Hyderabad: Controversy marked the 54th birth anniversary of renowned Indian vocalist and Padma Bhushan awardee Ustad Bade Ghulam Ali Khan here on Friday (April 2), when family members of the artist realised that the state government began restoration of his maqbara (tomb) without informing them.
While Khan’s family members were thankful that the state government showed interest in the restoration of the tomb, they were, however, were miffed with the fact that the original structure that was built with limestone mortar (called gachhi, locally) was tampered with. Samina Khan, granddaughter-in-law of Ustad Bade Ghulam Ali, said that the state government should have known about the works.
“The structure was of heritage value,” she told media persons on Friday after tributes were paid to the artist on his birth anniversary. Samina said that the structure must be preserved and restored to its original form and that the structure that stands now, post repairs by the state government, “appears different” from the original one.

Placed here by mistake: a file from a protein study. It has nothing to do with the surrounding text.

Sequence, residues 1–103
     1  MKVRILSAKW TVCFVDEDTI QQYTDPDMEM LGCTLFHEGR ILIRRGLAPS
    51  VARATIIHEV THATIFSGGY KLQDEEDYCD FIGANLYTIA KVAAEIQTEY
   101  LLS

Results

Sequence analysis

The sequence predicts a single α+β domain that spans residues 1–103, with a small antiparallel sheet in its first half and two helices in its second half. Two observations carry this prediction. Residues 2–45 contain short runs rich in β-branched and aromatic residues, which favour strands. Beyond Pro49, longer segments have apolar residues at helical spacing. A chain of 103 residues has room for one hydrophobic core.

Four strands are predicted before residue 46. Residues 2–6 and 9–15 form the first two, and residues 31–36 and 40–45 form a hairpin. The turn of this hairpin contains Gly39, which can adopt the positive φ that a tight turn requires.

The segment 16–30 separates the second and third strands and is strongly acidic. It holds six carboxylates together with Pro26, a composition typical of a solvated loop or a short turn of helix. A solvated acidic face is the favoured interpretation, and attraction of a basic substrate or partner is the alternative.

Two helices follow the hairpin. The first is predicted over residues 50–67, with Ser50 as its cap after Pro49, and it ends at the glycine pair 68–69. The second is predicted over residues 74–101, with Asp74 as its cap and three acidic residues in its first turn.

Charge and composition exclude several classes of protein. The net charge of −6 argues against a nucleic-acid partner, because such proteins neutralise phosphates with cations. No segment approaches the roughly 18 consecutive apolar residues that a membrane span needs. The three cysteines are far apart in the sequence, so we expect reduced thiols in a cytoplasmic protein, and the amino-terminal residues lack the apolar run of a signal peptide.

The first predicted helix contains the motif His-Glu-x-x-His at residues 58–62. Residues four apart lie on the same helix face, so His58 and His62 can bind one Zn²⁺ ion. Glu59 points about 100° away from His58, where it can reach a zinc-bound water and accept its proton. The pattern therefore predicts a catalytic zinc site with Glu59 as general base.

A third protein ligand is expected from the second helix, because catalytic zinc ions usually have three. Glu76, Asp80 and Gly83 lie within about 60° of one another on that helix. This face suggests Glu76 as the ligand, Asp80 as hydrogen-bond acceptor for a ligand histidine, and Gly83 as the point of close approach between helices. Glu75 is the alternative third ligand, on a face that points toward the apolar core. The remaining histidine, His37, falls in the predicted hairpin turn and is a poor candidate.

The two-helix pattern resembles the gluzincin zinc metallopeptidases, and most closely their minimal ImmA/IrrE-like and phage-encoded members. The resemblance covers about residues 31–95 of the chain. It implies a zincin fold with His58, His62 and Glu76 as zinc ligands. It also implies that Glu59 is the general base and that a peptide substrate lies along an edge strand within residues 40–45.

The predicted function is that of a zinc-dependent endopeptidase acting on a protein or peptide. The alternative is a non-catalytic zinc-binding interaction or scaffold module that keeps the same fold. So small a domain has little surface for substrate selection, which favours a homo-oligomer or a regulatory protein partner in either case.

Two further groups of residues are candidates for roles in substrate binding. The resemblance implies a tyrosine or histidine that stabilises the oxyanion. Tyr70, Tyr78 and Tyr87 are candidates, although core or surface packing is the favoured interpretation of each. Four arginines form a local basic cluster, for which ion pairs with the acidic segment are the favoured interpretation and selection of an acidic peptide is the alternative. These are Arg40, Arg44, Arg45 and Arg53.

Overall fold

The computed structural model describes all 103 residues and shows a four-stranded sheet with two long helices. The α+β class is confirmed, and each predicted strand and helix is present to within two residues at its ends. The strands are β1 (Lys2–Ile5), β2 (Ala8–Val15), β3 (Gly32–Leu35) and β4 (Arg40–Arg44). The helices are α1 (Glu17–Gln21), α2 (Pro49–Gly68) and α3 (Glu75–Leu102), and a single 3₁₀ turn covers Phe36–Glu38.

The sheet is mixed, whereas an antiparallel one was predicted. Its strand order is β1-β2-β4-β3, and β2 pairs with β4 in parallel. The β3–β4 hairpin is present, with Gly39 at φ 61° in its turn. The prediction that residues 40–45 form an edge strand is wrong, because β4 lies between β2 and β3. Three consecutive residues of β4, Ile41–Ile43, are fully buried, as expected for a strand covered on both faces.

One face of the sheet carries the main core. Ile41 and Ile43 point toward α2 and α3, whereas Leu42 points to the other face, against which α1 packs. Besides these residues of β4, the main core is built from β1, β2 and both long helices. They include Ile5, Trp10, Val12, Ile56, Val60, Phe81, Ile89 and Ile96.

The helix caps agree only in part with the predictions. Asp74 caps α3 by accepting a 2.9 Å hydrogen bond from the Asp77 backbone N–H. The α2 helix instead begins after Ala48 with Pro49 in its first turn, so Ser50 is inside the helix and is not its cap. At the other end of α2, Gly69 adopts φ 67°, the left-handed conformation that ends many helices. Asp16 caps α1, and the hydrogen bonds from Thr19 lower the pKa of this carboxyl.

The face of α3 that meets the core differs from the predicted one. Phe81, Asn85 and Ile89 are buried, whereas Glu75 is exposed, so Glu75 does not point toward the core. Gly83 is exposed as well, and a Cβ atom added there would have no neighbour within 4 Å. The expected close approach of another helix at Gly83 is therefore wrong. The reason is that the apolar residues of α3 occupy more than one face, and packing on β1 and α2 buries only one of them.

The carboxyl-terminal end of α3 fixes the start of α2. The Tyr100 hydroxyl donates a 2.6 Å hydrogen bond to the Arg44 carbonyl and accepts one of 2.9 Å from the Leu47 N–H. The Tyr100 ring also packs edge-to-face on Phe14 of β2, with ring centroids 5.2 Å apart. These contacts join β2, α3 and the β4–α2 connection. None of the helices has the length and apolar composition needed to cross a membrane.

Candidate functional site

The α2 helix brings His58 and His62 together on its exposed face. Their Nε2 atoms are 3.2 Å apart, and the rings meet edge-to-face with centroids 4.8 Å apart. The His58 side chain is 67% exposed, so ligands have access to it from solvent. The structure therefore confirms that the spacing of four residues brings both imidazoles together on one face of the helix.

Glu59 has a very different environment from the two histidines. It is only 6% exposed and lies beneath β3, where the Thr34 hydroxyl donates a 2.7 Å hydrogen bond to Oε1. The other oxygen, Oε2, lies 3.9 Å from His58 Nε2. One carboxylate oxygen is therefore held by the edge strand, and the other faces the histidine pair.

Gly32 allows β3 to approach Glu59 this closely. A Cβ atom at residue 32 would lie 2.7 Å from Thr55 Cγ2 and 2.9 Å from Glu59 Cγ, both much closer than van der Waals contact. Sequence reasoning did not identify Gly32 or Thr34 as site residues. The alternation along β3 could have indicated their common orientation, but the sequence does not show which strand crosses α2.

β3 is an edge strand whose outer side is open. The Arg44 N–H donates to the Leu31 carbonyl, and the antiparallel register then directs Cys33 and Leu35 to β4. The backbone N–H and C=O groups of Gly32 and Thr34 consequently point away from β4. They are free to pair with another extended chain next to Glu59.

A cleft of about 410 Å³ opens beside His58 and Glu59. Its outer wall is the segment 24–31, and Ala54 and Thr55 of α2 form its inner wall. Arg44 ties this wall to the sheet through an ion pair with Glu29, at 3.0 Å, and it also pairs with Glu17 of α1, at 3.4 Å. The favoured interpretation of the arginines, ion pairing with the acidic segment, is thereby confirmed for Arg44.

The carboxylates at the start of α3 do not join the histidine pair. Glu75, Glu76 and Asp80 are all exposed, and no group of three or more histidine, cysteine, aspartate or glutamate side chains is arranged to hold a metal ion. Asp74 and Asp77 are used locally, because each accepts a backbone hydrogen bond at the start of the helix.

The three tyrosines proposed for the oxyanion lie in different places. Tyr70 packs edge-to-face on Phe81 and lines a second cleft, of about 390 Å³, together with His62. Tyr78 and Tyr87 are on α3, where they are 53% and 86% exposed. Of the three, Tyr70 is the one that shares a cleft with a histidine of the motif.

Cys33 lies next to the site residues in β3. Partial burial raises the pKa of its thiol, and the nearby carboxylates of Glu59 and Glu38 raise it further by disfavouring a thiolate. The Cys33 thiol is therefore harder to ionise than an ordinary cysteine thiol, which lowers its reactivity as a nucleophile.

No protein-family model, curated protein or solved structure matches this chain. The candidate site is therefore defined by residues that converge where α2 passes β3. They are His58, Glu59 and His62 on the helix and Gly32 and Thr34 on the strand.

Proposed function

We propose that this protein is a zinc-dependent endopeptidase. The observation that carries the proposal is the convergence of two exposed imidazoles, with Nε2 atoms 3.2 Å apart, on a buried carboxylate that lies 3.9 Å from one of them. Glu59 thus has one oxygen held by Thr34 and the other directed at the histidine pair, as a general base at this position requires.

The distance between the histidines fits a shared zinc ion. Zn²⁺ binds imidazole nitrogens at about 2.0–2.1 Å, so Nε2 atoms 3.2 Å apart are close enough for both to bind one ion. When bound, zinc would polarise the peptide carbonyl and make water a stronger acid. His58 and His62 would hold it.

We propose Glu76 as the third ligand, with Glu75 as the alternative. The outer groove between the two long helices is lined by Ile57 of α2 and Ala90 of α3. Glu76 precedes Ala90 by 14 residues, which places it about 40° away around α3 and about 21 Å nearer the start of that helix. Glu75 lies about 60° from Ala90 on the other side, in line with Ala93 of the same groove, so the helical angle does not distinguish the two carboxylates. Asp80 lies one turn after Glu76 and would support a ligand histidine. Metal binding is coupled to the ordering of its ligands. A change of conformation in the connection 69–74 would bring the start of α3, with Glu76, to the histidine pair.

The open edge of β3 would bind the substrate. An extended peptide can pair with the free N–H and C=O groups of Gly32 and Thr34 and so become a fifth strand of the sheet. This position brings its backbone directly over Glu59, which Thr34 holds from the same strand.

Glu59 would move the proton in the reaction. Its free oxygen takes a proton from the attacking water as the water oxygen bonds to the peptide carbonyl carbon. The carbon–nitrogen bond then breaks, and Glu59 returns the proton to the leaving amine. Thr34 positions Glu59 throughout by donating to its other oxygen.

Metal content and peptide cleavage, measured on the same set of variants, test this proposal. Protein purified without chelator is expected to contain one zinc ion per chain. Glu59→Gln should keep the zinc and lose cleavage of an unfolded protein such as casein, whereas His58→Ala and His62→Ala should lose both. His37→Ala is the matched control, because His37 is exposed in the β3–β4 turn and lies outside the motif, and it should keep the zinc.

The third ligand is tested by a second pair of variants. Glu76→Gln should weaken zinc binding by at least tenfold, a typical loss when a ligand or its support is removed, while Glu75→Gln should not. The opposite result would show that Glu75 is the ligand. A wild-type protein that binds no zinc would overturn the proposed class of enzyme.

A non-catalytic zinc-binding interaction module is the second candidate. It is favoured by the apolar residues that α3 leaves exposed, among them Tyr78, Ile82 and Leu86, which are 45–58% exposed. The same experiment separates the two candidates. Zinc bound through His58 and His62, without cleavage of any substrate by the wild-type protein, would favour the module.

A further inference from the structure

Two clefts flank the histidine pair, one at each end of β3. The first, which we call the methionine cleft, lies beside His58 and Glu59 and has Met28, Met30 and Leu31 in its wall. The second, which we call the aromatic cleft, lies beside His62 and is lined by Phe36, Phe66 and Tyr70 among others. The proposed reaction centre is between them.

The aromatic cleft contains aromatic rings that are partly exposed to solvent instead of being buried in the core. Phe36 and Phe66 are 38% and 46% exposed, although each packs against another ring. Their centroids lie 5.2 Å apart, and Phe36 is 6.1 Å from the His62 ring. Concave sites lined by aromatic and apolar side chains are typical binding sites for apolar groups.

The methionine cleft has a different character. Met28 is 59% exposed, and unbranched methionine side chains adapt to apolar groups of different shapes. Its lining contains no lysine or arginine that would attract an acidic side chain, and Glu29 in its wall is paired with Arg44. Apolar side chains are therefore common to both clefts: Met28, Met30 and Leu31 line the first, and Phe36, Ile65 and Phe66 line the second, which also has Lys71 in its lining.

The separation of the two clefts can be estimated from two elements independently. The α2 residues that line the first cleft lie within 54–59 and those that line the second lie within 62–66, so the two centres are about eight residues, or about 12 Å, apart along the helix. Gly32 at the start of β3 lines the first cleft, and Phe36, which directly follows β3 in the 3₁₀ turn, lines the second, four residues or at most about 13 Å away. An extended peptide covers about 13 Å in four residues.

The decision to restore the vocalist’s grave was announced by principal secretary, municipal administration and urban development, Arvind Kumar who shared photos of the restoration work on his Twitter account. “On the occasion of his death anniversary (April 25th), restoring the grave tomb of Padma Bhushan Ustad Bade Ghulam Ali Khan Saaheb, the greatest classical exponent of Patiala Gharana at the Dairah-e-Mir Momin, Sultan Shahi, Hari Bowli Road,” he wrote on Twitter some days ago.
On Friday, heritage lovers and family members of Ustad Bade Gulam Ali Khan paid tributes to the artist at the Daira Mir Momin in Hyderabad’s Old City, where he was laid to rest. The place where his tomb is located is in fact one of the city’s oldest landmarks dating back to the Qutb Shahi or Golconda period (1518-1687). The graveyard is named after Mir Momin Astrabadi, the founding prime minister and architect of Hyderabad.
Astrabadi worked alongside Hyderabad’s founder Mohammed Quli Qutb Shah (1580-1611), the fourth monarch of the Golconda dynasty, who built the new city in 1591 after deciding to leave the Golconda fort. Astrabadi was buried at the Daira Mir Momin, where the Sufi saint Shah Chirag’s tomb had already existed, making the area older than Hyderabad itself.